Cinema chain Vue has threatened to pull its support of the BAFTA Film Awards after Netflix’s Roma won four of the top prizes at this year’s awards show.
In a letter (via Screen) to BAFTA CEO Amanda Berry, Tim Richards – founder and CEO of European exhibitor Vue International – said that the British Academy “has not lived up to its usual high standards this year in choosing to endorse and promote a ‘made for TV’ film that audiences were unable to see on a big screen.”
Roma won four BAFTAs – Best Film, Director, Cinematography, and Film Not in the English Language – on Sunday, 10 February.
Alfonso Cuaron’s black-and-white drama received a very limited theatrical release in the U.K. ahead of its global release on the streaming service on 21 November, 2018. Richards argues that releasing the film on just two screens ahead of its online release meant it should not have been eligible to compete in the annual competition.
He cites the BAFTA eligibility rule “that the British public should have had an opportunity to see entered films and films should therefore have been screened and marketed to a public paying UK audience”.
And another that states “Films should not be screened purely to qualify them for these awards, and the film committee may not accept entry if they do not deem the theatrical release to be meaningful”.
The CEO of Vue, a chain which boasts “90 state of the art cinemas throughout the UK and Ireland, with 863 screens”, accuses Netflix of “tactics and secrecy” around its theatrical releases saying it “acts outside the industry whilst at the same time it craves its acceptance.”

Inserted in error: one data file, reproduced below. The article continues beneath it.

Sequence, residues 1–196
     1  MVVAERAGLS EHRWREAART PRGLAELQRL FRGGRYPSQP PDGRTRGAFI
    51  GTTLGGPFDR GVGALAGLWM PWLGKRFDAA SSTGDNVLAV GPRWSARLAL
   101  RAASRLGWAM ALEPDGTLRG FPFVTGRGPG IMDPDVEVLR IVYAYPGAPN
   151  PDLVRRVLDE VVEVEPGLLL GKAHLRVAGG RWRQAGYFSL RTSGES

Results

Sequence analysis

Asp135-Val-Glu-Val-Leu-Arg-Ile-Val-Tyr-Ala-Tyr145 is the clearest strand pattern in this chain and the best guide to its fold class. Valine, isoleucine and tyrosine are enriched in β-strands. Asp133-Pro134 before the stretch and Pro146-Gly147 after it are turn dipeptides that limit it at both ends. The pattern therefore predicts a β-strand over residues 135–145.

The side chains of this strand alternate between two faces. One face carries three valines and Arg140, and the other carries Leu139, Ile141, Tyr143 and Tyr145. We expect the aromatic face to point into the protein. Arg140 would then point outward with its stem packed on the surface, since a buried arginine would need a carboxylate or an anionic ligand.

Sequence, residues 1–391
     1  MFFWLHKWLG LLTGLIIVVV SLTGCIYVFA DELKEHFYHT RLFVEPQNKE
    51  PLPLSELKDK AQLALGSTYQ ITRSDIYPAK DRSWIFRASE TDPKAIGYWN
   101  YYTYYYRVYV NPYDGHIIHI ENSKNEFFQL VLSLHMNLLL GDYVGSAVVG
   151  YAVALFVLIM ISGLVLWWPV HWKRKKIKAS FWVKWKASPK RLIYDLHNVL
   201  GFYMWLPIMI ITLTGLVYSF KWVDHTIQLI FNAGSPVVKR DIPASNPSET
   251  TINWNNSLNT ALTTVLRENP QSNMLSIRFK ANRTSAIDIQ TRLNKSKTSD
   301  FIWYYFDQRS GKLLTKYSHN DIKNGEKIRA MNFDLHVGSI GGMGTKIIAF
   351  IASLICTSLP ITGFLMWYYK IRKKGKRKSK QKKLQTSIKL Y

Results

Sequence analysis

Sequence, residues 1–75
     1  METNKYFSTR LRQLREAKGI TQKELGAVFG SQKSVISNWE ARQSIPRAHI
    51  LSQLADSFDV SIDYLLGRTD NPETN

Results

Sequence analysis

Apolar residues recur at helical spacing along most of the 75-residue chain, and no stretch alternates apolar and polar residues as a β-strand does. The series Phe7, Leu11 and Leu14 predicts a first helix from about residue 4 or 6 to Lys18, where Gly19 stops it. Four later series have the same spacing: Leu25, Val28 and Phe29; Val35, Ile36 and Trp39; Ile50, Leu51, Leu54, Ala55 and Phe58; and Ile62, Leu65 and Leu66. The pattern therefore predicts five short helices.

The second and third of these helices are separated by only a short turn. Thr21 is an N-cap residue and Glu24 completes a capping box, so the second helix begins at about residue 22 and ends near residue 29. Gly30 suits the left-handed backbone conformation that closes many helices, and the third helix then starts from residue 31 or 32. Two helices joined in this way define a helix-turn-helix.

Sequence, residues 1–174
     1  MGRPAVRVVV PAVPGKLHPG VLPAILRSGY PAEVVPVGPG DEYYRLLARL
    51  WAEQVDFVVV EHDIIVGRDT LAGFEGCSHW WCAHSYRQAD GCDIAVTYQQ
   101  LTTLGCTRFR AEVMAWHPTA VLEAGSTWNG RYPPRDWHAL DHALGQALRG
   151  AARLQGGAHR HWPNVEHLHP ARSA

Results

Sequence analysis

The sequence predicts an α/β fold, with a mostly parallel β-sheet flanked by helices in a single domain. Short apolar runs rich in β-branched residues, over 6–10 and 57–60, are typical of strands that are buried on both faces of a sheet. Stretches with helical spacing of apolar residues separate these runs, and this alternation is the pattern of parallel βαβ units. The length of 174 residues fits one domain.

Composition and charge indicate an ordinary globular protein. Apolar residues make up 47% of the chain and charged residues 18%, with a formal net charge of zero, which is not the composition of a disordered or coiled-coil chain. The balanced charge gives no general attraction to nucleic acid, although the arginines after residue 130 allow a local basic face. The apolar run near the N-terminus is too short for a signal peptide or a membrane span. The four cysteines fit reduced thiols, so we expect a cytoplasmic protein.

“It is clear that Netflix made at best a token effort to screen Roma, screening it to less than 1% of the UK market solely because it wanted an award. How could BAFTA let this happen?”
Vue’s support for the BAFTAs this year included “marketing and endorsement for the awards themselves, as well as buying seats at the ceremony”. The chain says it will not do this in 2020 “unless the Academy board reconsiders its eligibility criteria.”
In response to the letter BAFTA released a statement saying:
“The Film Committee is satisfied that every film in contention for this year’s Film Awards met the criteria for entry, which includes a meaningful UK theatrical release.
“BAFTA encourages public engagement with cinema-going and aims to be inclusive and supportive of the UK filmmaking sector as a whole.
“We review our criteria annually in close consultation with the industry to ensure that our eligibility criteria remain fit for purpose.”
Read Tim Richards’ letter to BAFTA in full on Screen.
Richards comments come off the back of an impassioned plea from Steven Spielberg to preserve the magic of the cinemagoing experience.
Speaking at the Cinema Audio Society’s CAS Awards, the Ready Player One director said:
“I hope all of us really continue to believe that the greatest contributions we can make as filmmakers is to give audiences the motion picture theatrical experience. I’m a firm believer that movie theatres need to be around forever.”
“I love television. I love the opportunity. Some of the greatest writing being done today is for television, some of the best directing for television, some of the best performances [are] on television today,” he added while accepting the Filmmaker Award on 16 February.
“The sound is better in homes more than it ever has been in history but there’s nothing like going to a big dark theatre with people you’ve never met before and having the experience wash over you. That’s something we all truly believe in.”
Expect the conversation to reach new levels should Roma bag any of the top Oscars on Sunday, as most predict it will.